Lebanon News

Livni hints at renewed conflict if Hizbullah fails to disarm

BEIRUT: Israeli Foreign Minister Tzipi Livni has warned of a new conflict with Lebanon if Hizbullah does not disarm. Tensions between Israel and Lebanon have remained at a fever pitch since Israel launched a 34-day war on this country in the summer of 2006 after Hizbullah took two Israeli soldiers prisoner. A cessation of hostilities was put in place by United Nations Security Council Resolution 1701, which called, among other things, for the prohibition of armed groups in South Lebanon outside of official national institutions and UN peacekeeping force UNIFIL, the disarmament of Hizbullah and for Israel to respect the territorial integrity of Lebanon.

However, Hizbullah has retained its weapons and Israel routinely violates Lebanese airspace. The Jewish state also continues to occupy the Lebanese side of the border village of Ghajar and the Shebaa Farms, which Lebanon claims as its own. Israel and the UN, meanwhile, have said that the Farms are Syrian.

In an interview Tuesday night with Al-Arabiyya television, Livni, who is seen as the most likely successor to scandal-plagued Prime Minister Ehud Olmert, said the Lebanese government and the international community were obligated to prevent Hizbullah from adding to its arsenal, and that if Syria wanted to make peace with the Jewish state, it had to stop arming the group.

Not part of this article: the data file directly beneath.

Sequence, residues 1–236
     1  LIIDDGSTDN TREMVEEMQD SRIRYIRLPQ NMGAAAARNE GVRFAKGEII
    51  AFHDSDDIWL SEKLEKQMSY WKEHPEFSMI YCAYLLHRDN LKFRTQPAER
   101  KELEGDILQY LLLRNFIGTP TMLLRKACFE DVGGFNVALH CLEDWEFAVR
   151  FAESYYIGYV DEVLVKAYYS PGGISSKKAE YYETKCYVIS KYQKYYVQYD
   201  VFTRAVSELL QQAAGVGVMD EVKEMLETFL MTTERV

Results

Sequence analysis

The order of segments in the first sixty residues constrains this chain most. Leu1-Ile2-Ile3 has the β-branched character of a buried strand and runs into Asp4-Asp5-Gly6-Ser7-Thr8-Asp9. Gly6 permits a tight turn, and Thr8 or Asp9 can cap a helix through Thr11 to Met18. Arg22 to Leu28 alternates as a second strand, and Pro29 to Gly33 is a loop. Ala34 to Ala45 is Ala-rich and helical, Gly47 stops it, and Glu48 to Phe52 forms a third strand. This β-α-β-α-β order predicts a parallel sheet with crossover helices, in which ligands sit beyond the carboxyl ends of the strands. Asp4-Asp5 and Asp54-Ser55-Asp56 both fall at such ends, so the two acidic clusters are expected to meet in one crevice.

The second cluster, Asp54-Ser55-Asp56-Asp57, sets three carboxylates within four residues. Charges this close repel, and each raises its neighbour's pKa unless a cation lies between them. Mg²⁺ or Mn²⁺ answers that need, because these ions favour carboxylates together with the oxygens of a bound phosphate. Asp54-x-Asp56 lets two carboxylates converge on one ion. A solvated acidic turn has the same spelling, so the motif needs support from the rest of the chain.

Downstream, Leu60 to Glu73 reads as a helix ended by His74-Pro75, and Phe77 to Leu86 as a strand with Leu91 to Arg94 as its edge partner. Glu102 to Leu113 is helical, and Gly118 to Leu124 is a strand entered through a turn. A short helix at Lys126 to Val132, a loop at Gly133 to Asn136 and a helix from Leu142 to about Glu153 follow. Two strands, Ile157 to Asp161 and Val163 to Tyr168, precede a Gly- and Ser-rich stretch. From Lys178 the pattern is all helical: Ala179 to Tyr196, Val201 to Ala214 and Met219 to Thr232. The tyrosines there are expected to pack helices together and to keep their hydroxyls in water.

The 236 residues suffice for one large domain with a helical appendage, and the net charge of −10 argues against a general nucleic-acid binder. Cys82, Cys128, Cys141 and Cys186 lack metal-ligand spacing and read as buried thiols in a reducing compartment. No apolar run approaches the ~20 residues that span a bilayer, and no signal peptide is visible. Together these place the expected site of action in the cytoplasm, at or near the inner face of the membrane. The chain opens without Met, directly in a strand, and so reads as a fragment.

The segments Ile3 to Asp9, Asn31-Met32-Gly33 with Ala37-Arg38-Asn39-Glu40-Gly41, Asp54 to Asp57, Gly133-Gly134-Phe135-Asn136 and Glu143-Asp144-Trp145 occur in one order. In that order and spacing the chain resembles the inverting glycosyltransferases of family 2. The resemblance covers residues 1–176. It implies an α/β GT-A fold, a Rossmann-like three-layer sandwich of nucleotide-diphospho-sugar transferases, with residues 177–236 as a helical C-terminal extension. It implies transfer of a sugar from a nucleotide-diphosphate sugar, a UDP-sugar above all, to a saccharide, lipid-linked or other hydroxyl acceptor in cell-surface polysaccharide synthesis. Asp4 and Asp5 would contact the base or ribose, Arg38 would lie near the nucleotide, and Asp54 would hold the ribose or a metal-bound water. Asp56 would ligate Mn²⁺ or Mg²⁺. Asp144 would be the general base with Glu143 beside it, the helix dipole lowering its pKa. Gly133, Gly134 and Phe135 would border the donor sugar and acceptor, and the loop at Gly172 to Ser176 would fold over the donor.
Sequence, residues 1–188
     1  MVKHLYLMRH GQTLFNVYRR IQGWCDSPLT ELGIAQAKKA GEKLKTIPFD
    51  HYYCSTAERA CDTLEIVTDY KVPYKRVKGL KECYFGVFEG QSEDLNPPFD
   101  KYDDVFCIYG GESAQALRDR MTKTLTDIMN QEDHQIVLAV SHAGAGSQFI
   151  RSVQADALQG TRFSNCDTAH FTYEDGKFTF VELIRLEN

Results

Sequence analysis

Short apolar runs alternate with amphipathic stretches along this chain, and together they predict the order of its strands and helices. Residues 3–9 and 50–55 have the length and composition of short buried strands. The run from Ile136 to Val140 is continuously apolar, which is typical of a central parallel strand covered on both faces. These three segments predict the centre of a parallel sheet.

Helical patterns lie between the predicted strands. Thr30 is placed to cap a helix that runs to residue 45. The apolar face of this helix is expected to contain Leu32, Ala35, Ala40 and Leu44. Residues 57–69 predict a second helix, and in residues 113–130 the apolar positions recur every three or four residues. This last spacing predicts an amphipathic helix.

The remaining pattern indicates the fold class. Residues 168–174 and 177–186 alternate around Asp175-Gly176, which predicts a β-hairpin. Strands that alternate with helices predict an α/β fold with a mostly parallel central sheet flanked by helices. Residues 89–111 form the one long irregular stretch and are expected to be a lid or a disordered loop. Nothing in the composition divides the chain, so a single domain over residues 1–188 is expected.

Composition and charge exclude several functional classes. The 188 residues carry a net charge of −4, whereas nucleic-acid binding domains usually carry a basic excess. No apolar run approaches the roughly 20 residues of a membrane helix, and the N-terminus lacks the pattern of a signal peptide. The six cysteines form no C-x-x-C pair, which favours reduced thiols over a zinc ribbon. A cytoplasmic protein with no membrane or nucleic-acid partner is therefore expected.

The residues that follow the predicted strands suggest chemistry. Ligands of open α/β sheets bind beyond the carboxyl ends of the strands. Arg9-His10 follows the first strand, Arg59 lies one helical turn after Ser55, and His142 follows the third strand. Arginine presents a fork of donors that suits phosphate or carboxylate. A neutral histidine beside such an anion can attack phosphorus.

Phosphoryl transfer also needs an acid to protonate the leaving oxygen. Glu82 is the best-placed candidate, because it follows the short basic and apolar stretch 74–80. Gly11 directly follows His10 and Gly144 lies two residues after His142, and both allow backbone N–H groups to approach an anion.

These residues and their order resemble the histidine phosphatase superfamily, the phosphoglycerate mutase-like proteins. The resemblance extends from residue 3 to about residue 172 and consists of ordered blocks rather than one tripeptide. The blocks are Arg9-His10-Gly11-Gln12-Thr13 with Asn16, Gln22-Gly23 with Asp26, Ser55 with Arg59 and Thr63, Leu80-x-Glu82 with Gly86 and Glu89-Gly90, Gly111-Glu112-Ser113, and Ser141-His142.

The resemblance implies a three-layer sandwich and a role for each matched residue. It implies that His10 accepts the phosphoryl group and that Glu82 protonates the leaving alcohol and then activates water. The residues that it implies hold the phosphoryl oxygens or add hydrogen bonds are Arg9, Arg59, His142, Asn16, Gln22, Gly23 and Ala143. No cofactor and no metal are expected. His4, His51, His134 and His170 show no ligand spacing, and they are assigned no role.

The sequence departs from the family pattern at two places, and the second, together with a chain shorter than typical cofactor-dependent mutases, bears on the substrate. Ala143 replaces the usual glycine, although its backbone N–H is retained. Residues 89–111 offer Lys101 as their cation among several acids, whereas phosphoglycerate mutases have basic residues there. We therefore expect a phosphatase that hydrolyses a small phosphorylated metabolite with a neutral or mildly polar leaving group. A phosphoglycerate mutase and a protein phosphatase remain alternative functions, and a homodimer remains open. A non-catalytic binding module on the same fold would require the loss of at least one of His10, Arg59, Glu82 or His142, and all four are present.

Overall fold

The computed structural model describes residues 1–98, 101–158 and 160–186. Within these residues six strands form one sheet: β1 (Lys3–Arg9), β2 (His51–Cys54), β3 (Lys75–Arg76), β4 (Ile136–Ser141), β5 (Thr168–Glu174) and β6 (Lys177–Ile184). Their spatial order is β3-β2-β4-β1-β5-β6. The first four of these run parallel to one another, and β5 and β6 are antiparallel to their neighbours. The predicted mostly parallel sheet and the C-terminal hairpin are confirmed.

"I do not need to meet with the Syrians," Livni told Al-Arabiyya, adding that she did not know when the next round of indirect, Turkish-mediated peace negotiations would take place.

Israel and Syria launched talks in May, after 60 years of being in a state of war with one other. Syrian President Bashar Assad said earlier that a fifth round of talks had been postponed due to the resignation of an Israeli negotiator. Dubai-based satellite channel Al-Arabiyya is due to air Livni's complete interview during iftar Thursday.

When contacted by The Daily Star, Hizbullah officials said they "had no comment at this time" on Livni's remarks.

The Israeli minister's comments came after Hizbullah leader Sayyed Hassan Nasrallah said on Monday any Israeli attack on Lebanon depended on regional issues such as Iran's nuclear work and Israeli-Syrian peace talks.

"I cannot say when Israel is going to attack Lebanon, if it is going to be soon or not. It depends on regional events and circumstances," he told Iranian state television.

In its session on Tuesday, Lebanon's Cabinet demanded that Israel adhere to UN resolutions on pending issues with Lebanon. Information Minister Tarek Mitri said the issues were "all non-negotiable issues ... governed by international resolutions to which Israel is subject."

Speaking after the Cabinet meeting, Mitri said Israel was required to withdraw its land forces from all Lebanese territory, hand over mine and cluster-munitions maps, and end its illegal overflights of Lebanon.

Also on Tuesday, Israel's Defense Ministry urged reserve generals working overseas to return to Israel due to the threat of abduction by Hizbullah, unidentified Israeli officials said. The warning was issued for reservists based mainly in Africa and follows a travel advisory in August cautioning Israelis that Hizbullah might carry out kidnapping operations.





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